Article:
Beginning of construction. The main rectification building in 1897.

World War I

A bottle a day for each soldier

Initially, alcohols from Koneser were sold almost exclusively in Warsaw, where they enjoyed considerable popularity. After the outbreak of World War I in 1914, Koneser supplied vodka mainly to the Russian garrison stationed in Warsaw, and each tsarist soldier in combat conditions was entitled to one bottle of strong vodka a day. At that time, the distillery produced over 12 million buckets of vodka a year. There was no problem with the sale.


Buildings of the Warsaw Rectification before the outbreak of World War I.

World War I

Praga drunk to the core

Polish-Russian cooperation in the production of vodka ended in 1915. On August 10, when the Germans were approaching Warsaw, the retreating Russian soldiers were ordered to destroy the alcohol stocks gathered at Ząbkowska Street. They poured 10 million liters of vodka directly onto the streets. “In Monopoly on Ząbkowska Street, in Praga, when booze was poured from huge cisterns, people threw themselves into the gutters through which the water was flowing, with various vessels, even buckets, to get as much of it as possible. There were also those who fell to the ground to drink gołda straight from the gutters. In a few minutes the whole street was drunk to the ground.” – wrote Wiesław Wiernicki in the book “Those were pubs”. And it must be added that vodka flowed down the gutters for several days. According to the chronicles, during this “drunk week” the whole of Praga flocked to Ząbkowska Street and drew from the free spring of Warsaw vodka from Koneser as much as anyone could. After the occupation of Warsaw by the Germans, the plant was soon launched by National Distillery Company (Krajowa Spółka Gorzelnicza) and started production under the supervision of the new occupant. When in 1918 the Germans left Warsaw, they did not pour vodka into the street…


A poster advertising the Warsaw Rectification products from the first years after regaining independence

Interwar period

Monopoly on Ząbkowska Street

Shortly after Poland regained independence, in 1919, the vodka factory became part of the State Spirits Monopoly. Although both plants at Ząbkowska Street used a common name – Spirit Rectification and Vodka Factory No. 1 (Rektfikacja Spirytusu i Wytwórnia Wódek nr 1), they remained separate companies. Rectification was still in private hands. In 1923, two buildings on the premises of the factory were occupied by the State Mint. Coins, medals, badges and seals were struck here.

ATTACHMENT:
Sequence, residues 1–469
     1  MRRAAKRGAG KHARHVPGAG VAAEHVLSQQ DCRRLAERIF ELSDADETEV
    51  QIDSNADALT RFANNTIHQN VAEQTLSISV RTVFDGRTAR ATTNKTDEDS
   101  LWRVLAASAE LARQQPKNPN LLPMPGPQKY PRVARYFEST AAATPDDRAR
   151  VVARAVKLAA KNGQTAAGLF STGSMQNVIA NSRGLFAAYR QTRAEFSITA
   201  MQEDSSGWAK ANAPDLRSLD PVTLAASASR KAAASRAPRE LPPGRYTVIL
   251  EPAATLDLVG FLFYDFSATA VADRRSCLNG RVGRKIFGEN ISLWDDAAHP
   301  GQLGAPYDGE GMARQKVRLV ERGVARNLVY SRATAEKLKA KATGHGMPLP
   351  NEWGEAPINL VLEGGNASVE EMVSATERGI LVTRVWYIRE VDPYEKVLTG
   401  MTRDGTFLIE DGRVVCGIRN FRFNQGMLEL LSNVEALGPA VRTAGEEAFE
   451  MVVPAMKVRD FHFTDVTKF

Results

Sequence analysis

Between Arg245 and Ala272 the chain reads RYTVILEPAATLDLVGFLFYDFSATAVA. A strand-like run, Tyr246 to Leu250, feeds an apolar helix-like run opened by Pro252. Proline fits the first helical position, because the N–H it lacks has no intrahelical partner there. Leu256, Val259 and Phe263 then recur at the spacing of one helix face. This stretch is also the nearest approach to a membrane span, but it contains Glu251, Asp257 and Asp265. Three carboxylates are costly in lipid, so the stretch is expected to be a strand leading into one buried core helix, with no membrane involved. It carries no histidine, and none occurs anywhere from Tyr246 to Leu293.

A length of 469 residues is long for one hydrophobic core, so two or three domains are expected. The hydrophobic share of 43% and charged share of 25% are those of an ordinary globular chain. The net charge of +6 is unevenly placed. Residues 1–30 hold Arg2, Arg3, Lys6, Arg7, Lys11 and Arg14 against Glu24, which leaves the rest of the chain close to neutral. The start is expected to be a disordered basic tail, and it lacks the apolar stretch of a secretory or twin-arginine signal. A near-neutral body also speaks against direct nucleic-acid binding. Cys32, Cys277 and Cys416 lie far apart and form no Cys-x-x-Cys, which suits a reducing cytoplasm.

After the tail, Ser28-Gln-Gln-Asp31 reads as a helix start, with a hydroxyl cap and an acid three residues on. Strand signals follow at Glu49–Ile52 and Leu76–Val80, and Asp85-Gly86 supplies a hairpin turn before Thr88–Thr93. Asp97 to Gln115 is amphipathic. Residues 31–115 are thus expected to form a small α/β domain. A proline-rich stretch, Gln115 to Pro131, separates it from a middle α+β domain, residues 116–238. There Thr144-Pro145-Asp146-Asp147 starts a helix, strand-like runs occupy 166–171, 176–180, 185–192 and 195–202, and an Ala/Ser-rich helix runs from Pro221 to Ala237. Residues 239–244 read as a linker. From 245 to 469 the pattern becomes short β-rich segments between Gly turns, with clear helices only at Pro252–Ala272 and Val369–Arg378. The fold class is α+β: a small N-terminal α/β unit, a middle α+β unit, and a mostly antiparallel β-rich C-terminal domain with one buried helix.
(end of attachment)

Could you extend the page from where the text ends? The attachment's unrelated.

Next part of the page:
The factory on Ząbkowska Street in the first years of the Second Polish Republic

Interwar period

Wyborowa, Luksusowa, Żytnia, Siwucha

The interwar period was the heyday of the factory at Ząbkowska. At that time, the plant employed over 400 people, and the production capacity reached a quarter of a million bottles of alcohol per day.

In 1928, the value of sales reached PLN 2.7 million. A year earlier, in 1927, the production of Wyborowa vodka began. “In these days, the management of the state spirits monopoly, after long-term laboratory tests, releases “Wyborowa” vodka with a strength of 45% on the market. This vodka, triple purified, contains almost no so-called coffee beans, which are the most harmful substance in alcoholic beverages” – wrote the press.

In 1928 Luksusowa, the most expensive potato vodka on the market, was launched. In addition, large quantities of Żytnia vodka, cheaper Siwucha, flavored vodkas, including, for example, Żubrówka, and denatured alcohol were produced.

In the production process, oligocene water was used, taken from one of the first intakes in Warsaw, from a depth of 260 meters. In the interwar years, new railway sidings and turntables for trains were built, which were used to transport the valued Warsaw spirits throughout the country.

Work on an automatic alcohol dispenser installed in Koneser. Year 1927.

Interwar period


In 1936, the State Spirits Monopoly (Państwowy Monopol Spirytusowy) for PLN 127,650. formally bought the Warsaw Rectification Company (Rektfikacja Warszawska), previously leased from private hands, and merged it with the previously purchased Vodka Factory (Wytwórnia Wódek). The entire company is thus finally nationalized and no one calls it otherwise than Monopoly.


The upper part of the filters for sipping vodka. Year 1928.

German occupation

Vodka for freedom